Mount Trashmore in Virginia, USA, serves as proof that you can turn waste into something beautiful and useful. The landscape design created a sprawling park for families with bike trails and an enchanting view of Cedar Rapids. First-time visitors to the area can’t even detect its ugly and malodorous past due to the flawless execution of the project.
5. Air cleaning parks
A German company came up with City Tree. This is a bench with a vertical plant wall attached to it that filters the air around it and also reduces noise pollution. It is said to have the air pollution sucking abilities of 275 trees.
This is an ingenious creation. Still, a lot of cities would rather landscape open spaces and plant in profusion trees that are most effective in turning air pollution into clean oxygen such as Norway maple, Silver birch, Mediterranea hackberry, Turkey oak, and others.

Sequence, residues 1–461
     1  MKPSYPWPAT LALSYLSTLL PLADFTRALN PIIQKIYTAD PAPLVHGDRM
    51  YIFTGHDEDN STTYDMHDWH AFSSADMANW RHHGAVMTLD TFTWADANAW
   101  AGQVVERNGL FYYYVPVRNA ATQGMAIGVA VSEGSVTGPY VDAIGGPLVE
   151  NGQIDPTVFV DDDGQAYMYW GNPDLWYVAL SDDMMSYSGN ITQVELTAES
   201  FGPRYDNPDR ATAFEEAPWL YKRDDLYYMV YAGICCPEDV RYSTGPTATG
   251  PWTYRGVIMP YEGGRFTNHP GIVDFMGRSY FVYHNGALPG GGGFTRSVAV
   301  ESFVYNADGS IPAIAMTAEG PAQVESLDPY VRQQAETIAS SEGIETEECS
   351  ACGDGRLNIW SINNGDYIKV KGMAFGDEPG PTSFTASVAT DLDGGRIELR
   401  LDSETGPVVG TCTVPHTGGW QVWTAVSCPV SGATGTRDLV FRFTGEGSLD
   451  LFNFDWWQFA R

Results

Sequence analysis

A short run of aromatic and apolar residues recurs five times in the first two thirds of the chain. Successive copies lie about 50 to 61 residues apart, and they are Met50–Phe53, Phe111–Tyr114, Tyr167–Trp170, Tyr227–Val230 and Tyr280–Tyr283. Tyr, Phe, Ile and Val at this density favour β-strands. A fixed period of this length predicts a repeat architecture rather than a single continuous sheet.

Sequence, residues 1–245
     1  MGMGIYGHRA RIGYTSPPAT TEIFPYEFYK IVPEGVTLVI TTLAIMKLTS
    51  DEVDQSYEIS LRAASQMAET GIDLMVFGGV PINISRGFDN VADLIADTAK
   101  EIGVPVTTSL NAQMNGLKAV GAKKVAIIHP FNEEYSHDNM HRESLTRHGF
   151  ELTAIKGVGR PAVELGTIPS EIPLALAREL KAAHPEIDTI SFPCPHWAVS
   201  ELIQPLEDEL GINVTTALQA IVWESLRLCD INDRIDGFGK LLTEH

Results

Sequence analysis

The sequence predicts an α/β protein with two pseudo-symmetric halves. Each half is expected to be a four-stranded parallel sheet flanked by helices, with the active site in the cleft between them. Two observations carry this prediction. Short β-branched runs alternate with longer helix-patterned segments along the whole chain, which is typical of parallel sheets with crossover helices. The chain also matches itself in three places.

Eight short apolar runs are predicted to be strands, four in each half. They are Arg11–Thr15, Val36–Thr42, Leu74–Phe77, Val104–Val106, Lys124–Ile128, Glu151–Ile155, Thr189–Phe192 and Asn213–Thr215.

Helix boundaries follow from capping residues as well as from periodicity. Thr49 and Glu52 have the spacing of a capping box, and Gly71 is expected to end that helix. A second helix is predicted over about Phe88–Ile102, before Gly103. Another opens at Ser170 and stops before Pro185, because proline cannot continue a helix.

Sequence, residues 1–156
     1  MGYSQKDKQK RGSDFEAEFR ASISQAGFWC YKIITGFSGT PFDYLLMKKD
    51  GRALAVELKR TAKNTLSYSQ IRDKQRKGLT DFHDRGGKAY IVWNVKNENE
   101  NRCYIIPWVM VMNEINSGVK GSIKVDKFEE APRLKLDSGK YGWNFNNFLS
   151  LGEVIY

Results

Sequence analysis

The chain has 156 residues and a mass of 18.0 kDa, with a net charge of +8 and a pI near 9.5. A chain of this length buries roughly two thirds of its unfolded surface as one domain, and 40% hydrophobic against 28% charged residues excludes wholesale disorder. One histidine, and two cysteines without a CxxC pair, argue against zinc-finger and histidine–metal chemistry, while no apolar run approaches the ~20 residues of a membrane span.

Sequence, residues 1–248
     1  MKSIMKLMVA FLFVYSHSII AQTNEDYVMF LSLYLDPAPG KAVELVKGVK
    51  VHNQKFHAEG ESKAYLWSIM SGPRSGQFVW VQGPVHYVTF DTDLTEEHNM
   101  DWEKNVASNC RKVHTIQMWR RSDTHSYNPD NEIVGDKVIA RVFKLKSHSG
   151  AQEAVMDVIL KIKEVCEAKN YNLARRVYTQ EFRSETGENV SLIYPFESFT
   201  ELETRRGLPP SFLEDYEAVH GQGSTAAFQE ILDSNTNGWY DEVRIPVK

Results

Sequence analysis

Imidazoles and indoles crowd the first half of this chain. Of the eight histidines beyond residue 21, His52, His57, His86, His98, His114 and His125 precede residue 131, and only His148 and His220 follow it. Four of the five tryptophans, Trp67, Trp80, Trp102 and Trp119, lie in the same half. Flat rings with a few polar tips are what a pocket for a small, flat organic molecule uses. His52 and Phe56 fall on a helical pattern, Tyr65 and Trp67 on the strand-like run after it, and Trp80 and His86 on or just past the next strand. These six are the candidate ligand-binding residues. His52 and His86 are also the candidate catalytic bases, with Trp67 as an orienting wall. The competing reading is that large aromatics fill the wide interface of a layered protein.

Currently, there aren’t a lot of parks that perform such a function, but China has the most ambitious one to date. Bubbles, the park that would serve as a greenhouse and city air filtering system, is a lush botanical garden with a unique roof system. It will be placed amidst big commercial buildings in urban locations that have the worst air quality. Many believe that while Bubbles is intended to serve as the lungs of the city, it will eventually become a place for people’s recreation.
Landscaping Can Help Design a Better World
Such uniquely engineered landscapes create a sense of balance between humanity and nature. As proven, they can meet essential needs and wants. Plus, they create an atmosphere where hope thrives.
Landscaping is not just about improving the appearance and function of a space. It directs much-needed attention to the history of the place, the value it holds, and what can be accomplished to secure its place in the future. It’s a tool people can use to improve what’s left of the world, and transform idle spaces into aesthetically pleasing, functional places.
Rachel Hennessey manages the Pools and Landscaping Division of Hennessey LLC. She also works on Tender and Pre-Qualification and brings in new business to the company’s Construction, Interiors and Civils Division.